AMD is back with a revision of their desktop CPUs and this time they’ve polished out most of the kinks and brought out a CPU that’s all set to set fire to the CPU battle yet again. The new lineup is led by the AMD Ryzen 7 2700X which is still rocking 8 cores / 16 threads but thanks to a new process node, it is supposedly more efficient and performant as well.
The Ryzen 7 2700X is retailing at an SEP (Suggested Electronic Price) of Rs 24,490 and we’ve seen Indian retailers selling it for Rs 29,488 which is roughly Rs 2,000 more than the Intel Core i7 8700K that it’s set to compete against. The Intel Core i7-8700K is the current king of the hill. It has two fewer cores than the AMD CPU but its IPC is way greater and thus, it excels in single-core performance. Let’s see how they match up this time.
Both the Intel and the AMD CPUs ship with unlocked multipliers. The Intel Core i7-8700K (review) has a lot of overclocking headroom and has been overclocked to 7405.12 MHz as of writing this while the Ryzen 7 2700X (review) has been clocked to 6000 Mhz. The former has been out in the market for a long time so there are a lot more overclocking submissions on HWBOT and the next couple of months will paint a better picture of how well the 2700X overclocks. As for the stock frequencies, the 8700K starts off at 3.7 GHz and tops out at 4.7 GHz while the Ryzen 7 2700X has a base clock of 3.7 GHz and has a ceiling of 4.3 GHz. Overclocking the Intel CPU is ridiculously easy. Simply ramping up the multiplier takes you quite far and you only need to start tweaking the granular controls once you’ve hit 5.2 GHz and above. AMD’s CPU, on the other hand, isn’t that easy to overclock. Ryzen Master lowers the barrier significantly but you’ll hit a snag before you even go past an additional 300 MHz overclock. Then onwards the dance of the clocks begins. Thankfully, scouring through HWBOT gives you a decent set of voltage values you can use to properly push the 2700X further but in comparison to Intel, it’s simply not as easy
Let’s see how these two CPUs perform out of the box.
Under idle conditions, the Intel Core i7-8700K consumed about 11.3 Watts which is very good. The figures were jumping between 11.2-11.4 W so we averaged it out at 11.3 W. To achieve this idle state we killed off all non-essential services, we did not install any of the bloatware that came with the motherboard and if possible we picked the lean software/driver package for any of the motherboard’s components. We then ran Cadalyst Systems Benchmark and that too under the default configuration. After awhile the power draw settled down to an average of 37 W. And lastly, we ran Prime95 with AVX enabled and the total power consumption went up to 160.3 W. That’s quite a lot for the Intel Core i7-8700K. We should also mention that the cooler used was a Corsair H115i PRO with the entire rig placed right in front of an air-conditioner. We did not overclock the CPU this time around.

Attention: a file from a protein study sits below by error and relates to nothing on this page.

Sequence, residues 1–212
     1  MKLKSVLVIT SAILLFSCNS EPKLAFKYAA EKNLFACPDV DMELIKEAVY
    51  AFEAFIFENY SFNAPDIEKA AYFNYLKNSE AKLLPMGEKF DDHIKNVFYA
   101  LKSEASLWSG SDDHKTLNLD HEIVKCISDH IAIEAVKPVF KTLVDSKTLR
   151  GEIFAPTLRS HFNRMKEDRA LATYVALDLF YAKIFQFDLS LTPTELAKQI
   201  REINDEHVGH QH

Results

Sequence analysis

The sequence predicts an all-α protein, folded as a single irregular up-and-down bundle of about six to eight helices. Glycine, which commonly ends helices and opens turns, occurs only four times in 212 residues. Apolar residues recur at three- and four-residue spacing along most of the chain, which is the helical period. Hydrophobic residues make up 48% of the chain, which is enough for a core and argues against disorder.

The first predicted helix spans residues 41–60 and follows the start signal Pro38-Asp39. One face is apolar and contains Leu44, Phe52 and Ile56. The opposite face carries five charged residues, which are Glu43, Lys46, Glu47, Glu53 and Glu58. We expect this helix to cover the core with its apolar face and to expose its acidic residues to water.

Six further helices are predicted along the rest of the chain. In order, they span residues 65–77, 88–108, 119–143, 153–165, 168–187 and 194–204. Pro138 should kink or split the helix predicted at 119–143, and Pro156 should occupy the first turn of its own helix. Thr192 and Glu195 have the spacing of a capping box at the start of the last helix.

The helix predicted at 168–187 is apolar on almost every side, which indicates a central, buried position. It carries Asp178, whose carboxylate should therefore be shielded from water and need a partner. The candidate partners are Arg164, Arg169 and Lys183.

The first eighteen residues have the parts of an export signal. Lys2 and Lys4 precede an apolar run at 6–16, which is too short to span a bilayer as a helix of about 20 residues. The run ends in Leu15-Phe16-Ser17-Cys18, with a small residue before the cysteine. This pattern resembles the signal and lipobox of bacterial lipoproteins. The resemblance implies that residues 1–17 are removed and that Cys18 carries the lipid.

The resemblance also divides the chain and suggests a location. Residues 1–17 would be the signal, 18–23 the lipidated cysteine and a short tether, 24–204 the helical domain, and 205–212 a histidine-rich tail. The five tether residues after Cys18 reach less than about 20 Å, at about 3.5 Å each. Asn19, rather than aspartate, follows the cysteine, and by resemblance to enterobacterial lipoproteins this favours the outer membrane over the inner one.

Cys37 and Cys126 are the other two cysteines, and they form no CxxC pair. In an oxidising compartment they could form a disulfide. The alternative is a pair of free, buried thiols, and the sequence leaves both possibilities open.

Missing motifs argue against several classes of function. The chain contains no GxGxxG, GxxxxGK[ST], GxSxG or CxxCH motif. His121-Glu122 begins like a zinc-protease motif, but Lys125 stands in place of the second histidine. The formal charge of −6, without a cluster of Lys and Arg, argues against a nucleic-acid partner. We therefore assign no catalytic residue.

In case of the AMD Ryzen 7 2700X, we saw the CPU consuming 12.9 W on average under the same idle conditions as the Intel CPU. However, being on a different motherboard, there’s going to be a slight difference in the reported numbers. It’s not an apples-to-apples comparison. Thankfully, both boards were from GIGABYTE with similar quality of components for the VRM circuitry so there shouldn’t be that large of a difference in the overheads of the reported values. In the Cadalyst load test, the Ryzen 7 2700X ended up consuming lesser power than the Intel Core i7-8700K which was quite surprising. At 31 W, the difference between the two CPUs is quite significant. Then we then ran Prime95 hoping that it would go berserk. And that’s exactly what the Ryzen 7 2700X did as it shot up all the way to 205 W. The delta between the two CPUs in the Prime95 test was a massive 44.7 W. So the AMD CPU has certainly improved where it matters the most – in the midrange. After all, no PC is going to hit the ideal idle condition or be continually stressed the way Prime95 does.